Solvent

Figure 1. Water is a solvent that many people are familliar with. Since it dissolves so many compounds and is vital to life, water is known as the universal solvent.[1]

A solvent is simply a substance that allows some other substance - known as a solute - to dissolve in it, forming a solution. Although a solvent is generally thought of as being liquid, a solvent can be either solid, liquid, or gas. Liquid solvents, however, tend to be the most useful.[2]

Solvents are not universal, meaning simply that there is no one solvent that dissolves all possible solutes. Based on the chemical properties of both the solvent and the solute, the degrees to which a solute will dissolve in a solvent vary. The amount of solute that can dissolve in any given solvent depends on the temperature, volume or mass ratio, and other chemical properties of the substances.[2]

Water

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Water is commonly known as the universal solvent - although it isn't truly universal - because it is able to dissolve more substances than any other liquid. Additionally, its property as a solvent is extremely important to life as it is able to transport chemicals, minerals, and nutrients essential to life.[3] To put the importance of water as a solvent in perspective, it is important to note that the human body is 66% water by weight. This water acts as a solvent for sodium chloride and other substances in the human body. Since water is the solvent for electrolytes and nutrients needed by the cells, the ability of water to dissolve a wide range of different substances ensures that cells function normally by supplying them with nutrients. This water also carries waste material away from cells.[4]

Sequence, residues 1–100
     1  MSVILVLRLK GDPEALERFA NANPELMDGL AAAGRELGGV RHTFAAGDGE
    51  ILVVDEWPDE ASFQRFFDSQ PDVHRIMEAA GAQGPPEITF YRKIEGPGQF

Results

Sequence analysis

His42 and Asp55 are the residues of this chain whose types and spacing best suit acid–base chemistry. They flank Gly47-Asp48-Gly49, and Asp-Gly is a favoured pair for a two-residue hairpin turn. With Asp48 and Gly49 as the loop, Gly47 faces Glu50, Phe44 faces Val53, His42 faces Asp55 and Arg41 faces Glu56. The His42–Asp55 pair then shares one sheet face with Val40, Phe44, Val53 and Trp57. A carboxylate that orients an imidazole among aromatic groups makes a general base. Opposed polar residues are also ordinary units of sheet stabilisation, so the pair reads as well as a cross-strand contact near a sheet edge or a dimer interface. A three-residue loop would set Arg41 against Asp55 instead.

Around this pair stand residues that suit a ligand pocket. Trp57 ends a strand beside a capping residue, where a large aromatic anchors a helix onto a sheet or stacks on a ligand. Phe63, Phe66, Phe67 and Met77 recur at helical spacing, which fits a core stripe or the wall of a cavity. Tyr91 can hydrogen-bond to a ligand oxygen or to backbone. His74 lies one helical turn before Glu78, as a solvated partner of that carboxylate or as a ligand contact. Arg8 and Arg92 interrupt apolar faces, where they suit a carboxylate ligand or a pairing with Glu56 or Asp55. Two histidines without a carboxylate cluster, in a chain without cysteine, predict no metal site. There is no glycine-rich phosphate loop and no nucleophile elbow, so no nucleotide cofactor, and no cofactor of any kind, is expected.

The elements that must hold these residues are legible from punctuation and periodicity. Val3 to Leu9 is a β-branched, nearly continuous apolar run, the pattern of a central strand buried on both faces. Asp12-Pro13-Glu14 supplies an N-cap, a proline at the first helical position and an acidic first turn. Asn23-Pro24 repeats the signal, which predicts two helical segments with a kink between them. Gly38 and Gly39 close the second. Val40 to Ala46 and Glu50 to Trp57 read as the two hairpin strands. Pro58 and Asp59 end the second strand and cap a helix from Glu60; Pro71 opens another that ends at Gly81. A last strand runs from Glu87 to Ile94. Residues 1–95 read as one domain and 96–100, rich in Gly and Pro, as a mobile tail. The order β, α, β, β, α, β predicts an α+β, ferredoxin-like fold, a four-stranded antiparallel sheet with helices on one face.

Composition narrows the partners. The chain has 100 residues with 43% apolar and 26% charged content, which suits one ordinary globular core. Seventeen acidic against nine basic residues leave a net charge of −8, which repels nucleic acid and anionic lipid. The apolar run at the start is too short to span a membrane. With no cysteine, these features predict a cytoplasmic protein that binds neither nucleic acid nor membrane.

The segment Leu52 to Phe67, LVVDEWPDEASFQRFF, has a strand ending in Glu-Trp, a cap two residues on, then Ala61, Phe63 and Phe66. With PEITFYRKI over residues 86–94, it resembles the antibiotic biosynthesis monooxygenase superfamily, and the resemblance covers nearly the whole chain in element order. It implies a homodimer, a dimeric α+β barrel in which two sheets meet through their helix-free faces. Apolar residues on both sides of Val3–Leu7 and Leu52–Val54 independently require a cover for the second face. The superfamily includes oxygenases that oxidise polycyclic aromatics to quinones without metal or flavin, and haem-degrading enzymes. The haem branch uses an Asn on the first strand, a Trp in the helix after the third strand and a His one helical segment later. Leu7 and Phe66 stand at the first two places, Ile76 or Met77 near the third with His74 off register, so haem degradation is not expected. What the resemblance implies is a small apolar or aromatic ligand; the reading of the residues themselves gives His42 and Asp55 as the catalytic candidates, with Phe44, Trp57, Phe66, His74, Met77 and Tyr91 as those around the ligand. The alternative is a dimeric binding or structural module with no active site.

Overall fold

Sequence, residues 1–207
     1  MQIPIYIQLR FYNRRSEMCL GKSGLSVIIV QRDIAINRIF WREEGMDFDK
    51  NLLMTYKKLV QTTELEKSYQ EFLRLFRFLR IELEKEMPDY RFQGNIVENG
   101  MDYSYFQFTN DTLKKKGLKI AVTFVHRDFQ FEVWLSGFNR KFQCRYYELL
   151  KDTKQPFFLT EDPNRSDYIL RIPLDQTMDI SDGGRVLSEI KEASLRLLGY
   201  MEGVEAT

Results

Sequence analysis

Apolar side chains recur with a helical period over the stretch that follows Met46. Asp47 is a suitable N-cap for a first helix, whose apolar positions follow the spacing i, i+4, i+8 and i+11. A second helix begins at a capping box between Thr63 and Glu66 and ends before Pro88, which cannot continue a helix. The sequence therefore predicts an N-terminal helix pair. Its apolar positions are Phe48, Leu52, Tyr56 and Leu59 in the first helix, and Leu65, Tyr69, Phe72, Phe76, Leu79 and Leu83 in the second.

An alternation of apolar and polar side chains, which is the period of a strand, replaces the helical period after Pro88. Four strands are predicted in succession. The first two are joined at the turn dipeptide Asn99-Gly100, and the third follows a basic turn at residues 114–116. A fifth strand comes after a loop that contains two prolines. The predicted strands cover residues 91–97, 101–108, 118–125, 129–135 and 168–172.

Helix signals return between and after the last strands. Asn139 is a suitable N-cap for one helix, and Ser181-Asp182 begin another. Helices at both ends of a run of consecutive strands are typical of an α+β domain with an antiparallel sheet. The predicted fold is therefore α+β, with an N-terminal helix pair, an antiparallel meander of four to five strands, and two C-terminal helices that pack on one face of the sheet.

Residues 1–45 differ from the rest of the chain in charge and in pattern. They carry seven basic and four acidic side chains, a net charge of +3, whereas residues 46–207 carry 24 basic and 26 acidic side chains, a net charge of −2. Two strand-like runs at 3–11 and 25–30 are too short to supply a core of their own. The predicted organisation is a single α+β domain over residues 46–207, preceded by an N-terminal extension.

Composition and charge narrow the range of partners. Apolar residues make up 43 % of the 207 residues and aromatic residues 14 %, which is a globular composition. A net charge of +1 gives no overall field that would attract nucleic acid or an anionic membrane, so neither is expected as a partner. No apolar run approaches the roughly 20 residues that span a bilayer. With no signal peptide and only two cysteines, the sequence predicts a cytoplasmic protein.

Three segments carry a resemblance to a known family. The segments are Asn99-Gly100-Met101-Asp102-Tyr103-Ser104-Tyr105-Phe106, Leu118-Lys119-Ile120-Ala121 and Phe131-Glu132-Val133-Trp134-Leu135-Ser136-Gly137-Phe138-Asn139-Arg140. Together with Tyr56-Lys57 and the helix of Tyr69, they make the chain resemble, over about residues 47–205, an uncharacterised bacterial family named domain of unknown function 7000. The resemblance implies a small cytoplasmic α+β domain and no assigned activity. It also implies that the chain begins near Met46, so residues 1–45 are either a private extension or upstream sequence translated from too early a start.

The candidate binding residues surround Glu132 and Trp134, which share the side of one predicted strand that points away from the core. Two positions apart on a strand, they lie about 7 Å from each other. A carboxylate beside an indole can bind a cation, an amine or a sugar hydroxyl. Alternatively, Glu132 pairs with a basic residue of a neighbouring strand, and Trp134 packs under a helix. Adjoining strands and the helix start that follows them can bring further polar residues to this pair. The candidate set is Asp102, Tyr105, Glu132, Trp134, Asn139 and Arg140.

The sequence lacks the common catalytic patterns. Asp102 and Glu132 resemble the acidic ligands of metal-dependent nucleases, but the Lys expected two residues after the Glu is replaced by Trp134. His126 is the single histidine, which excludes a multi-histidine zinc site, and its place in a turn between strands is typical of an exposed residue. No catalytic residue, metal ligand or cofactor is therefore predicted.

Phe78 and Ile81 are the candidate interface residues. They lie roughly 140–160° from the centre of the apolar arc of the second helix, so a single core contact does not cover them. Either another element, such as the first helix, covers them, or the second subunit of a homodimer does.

The reason that water dissolves many substances so well is a result of the shape of its bonds. Primarily, water dissolves many substances because it contains extremely polar hydrogen bonds. The polarity of the bonds between the two hydrogen atoms and the oxygen atom means that two sides of the molecule gain different charges - one slightly positive and one slightly negative. These charged sides of the water molecule mean that the water is able to become heavily attracted to the charged ends of other compounds, such as salt. This attraction then disrupts the attractive forces holding the other compound together, dissolving it. It is this reason that water can dissolve so many substances.[3] However, it is important to note that water doesn't dissolve all substances - oils do not dissolve well in water and instead tend to settle on top of it.

Uses

Solvents are used commonly in industrial chemical processes but are also used in household chemical products. Solvents are used in almost all manufacturing processes and are components of many products vital to modern living. Products that are produced with the use of solvents include pharmaceuticals, personal care products, electronics, paints and coatings, inks, cosmetics, food and drinks, adhesives, aerosols, pesticides, and more.[5]

References

  1. Wikimedia Commons. (September 8, 2015). Glass Half Full [Online]. Available: https://upload.wikimedia.org/wikipedia/commons/a/a4/Glass_Half_Full_bw_1.JPG
  2. 2.0 2.1 WiseGeek. (September 8, 2015). What is a Solvent? [Online]. Available: http://www.wisegeek.org/what-is-a-solvent.htm
  3. 3.0 3.1 USGS Water School. (September 8, 2015). Water, the Universal Solvent [Online]. Available: http://water.usgs.gov/edu/solvent.html
  4. HyperPhysics. (September 8, 2015). Water, the Solvent for Life [Online]. Available: http://hyperphysics.phy-astr.gsu.edu/hbase/chemical/watersol.html
  5. SIA. (September 8, 2015). Common Uses of Sovlents [Online]. Available: http://www.solvents.org.uk/common-uses-of-solvents/

Authors and Editors

Jordan Hanania, Kailyn Stenhouse, Jason Donev
Last updated: September 18, 2015
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